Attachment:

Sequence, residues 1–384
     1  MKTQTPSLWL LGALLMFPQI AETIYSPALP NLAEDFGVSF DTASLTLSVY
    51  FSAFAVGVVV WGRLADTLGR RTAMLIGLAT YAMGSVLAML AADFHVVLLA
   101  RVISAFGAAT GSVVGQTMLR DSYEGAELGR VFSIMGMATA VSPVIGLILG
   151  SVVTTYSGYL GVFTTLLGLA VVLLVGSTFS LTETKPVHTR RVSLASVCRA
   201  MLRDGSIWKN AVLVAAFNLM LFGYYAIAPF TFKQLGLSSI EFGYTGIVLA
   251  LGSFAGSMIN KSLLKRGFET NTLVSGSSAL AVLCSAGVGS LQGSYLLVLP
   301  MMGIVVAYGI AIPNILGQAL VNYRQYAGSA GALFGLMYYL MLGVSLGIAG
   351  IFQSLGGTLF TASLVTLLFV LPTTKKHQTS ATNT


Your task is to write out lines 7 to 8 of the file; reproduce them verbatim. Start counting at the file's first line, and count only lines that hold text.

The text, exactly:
   251  LGSFAGSMIN KSLLKRGFET NTLVSGSSAL AVLCSAGVGS LQGSYLLVLP
   301  MMGIVVAYGI AIPNILGQAL VNYRQYAGSA GALFGLMYYL MLGVSLGIAG